# Calculus

Introduction

What it means: a definite integral evaluates to a value; this value is the area under the curve of a function from points $x=a$ to $x=b$.
No constant of integration, thus "definite". Also, the integral symbol is an elongated "s", which stands for summa, or sum.
Written as $\displaystyle\int_a^bf(x)dx$

Integral Properties

$\displaystyle\int_a^bf(x)dx=-\displaystyle\int_b^af(x)dx$

$\displaystyle\int_a^af(x)dx=0$

$\displaystyle\int_a^cf(x)dx=\displaystyle\int_a^bf(x)dx+\displaystyle\int_b^cf(x)dx$

$\displaystyle\int_a^bf(x)+g(x)dx=\displaystyle\int_a^bf(x)dx+\displaystyle\int_a^bg(x)dx$

$\displaystyle\int_a^bCf(x)dx=C\displaystyle\int_a^bf(x)dx$

Fundamental Theorem of Calculus

The First: We can evaluate definite integrals using indefinite integrals:
$\displaystyle\int_a^bf(x)dx=F(x)\big\rvert_a^b=F(b)-F(a)$
You evaluate the indefinite integral, and then evaluate it at $x=a$ and $x=b$, and subtract the values.
If you could take one thing away from any calculus course, this is it.

The Second (aka the corollary to the FTC aka Leibniz Rule): The derivative of an integral with variable endpoint. If $F(x)=\displaystyle\int_a^xf(t)dt$, then $F'(x)=f(x)$. The reason for this is, if we were to integrate $f(t)$ using the First fundamental theorem, we would get $F(x)-F(a)$. Since $a$ is a constant, $F(a)$ is also a constant, and when we take the derivative of anything the constant always drops; thus, we are left with $f(x)$: $F'(x)-F'(a)=f(x)-0=f(x)$.
What happens if we have a variable in the lower bound? Or in both? Or what if the variable isn't a variable but a function? What if we wanted to evaluate the integral with one or more endpoints being infinity? The First and Second fundamental theorems complement each other in solving such problems.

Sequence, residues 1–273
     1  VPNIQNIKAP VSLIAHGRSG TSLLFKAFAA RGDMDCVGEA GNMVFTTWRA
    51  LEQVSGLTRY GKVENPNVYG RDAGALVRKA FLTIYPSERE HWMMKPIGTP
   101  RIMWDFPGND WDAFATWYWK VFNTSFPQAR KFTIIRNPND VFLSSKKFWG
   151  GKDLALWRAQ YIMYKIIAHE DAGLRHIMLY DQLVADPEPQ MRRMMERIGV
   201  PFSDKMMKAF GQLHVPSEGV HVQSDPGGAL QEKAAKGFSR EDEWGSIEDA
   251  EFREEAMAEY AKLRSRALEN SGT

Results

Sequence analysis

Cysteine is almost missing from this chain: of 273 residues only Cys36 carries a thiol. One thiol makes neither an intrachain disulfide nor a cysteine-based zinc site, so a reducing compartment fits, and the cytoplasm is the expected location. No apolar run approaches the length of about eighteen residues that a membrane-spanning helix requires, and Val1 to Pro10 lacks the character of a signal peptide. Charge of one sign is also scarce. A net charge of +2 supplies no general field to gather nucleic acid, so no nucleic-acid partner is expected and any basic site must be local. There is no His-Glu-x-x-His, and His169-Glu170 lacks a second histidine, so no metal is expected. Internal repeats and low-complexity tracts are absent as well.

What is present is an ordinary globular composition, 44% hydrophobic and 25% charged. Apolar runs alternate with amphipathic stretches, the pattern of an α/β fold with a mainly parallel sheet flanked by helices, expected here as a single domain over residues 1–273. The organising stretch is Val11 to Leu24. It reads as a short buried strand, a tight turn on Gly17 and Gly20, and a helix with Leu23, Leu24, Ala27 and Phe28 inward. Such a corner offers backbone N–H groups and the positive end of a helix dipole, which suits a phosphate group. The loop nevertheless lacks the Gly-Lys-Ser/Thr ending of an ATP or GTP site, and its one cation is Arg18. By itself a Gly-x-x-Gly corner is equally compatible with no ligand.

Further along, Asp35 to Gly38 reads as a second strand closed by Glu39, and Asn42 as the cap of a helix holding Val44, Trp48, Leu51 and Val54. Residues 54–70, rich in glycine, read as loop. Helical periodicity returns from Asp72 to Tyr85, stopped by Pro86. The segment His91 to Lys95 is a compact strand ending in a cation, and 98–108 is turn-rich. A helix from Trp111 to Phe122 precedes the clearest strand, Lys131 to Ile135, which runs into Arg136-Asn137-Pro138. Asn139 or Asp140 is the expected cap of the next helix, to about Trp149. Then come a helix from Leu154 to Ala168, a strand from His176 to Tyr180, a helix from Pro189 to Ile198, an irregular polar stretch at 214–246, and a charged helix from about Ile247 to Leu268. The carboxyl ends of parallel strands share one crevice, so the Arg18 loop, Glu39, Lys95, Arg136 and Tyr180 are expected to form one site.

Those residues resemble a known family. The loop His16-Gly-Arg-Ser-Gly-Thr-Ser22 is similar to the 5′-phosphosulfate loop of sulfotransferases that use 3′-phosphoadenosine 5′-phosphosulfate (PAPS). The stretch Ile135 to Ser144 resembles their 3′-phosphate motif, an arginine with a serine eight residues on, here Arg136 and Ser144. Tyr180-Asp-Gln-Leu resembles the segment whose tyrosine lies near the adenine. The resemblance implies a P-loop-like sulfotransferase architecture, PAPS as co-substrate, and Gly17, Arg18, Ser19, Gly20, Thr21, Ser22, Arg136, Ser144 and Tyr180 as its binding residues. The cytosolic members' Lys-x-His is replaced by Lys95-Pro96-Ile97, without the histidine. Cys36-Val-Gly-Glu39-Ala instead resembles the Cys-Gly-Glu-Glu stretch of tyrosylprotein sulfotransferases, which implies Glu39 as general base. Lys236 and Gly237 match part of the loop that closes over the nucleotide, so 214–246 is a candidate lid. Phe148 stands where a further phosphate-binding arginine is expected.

Integral with variable in lower bound: Just like we did earlier, we can use the First fundamental theorem to evaluate this. Doing so, we get $\frac{d}{dx}\displaystyle\int^a_xf(t)dt=F'(a)-F'(x)=0-f(x)=-f(x)$. Another way of looking at this is realizing that $\displaystyle\int_x^af(t)dt=-\displaystyle\int^x_af(t)dt$.

Integral with function in one bound: If, say, we have an integral that looks like this $F(x)=\displaystyle\int_a^{g(x)}f(x)dx$. We can further rewrite this as the composition of two functions. If we say $h(x)=\displaystyle\int_a^xf(x)dx$, then we can write $F(x)=h(g(x))$. If we wanted to take the derivative of this, we would have to implement the chain rule: $F'(x)=h'(g(x))g'(x)$. We can then treat this exactly the same as with regular variable bounds. Basically, if you have a function for a bound, you need to use the corollary the FTC to substitute the function into the integrand, then multiply the result by the derivative of the function.

Integral with function in both bounds: We know that if we have $\displaystyle\int^{g(x)}_{h(x)}f(t)dt$, that this can be broken down into $\displaystyle\int_{h(x)}^cf(t)dt+\displaystyle\int_c^{g(x)}f(t)dt$, where $c$ is some arbitrary point lying between $h(x)$ and $g(x)$. From here we can evaluate the integrals using the strategies mentioned before.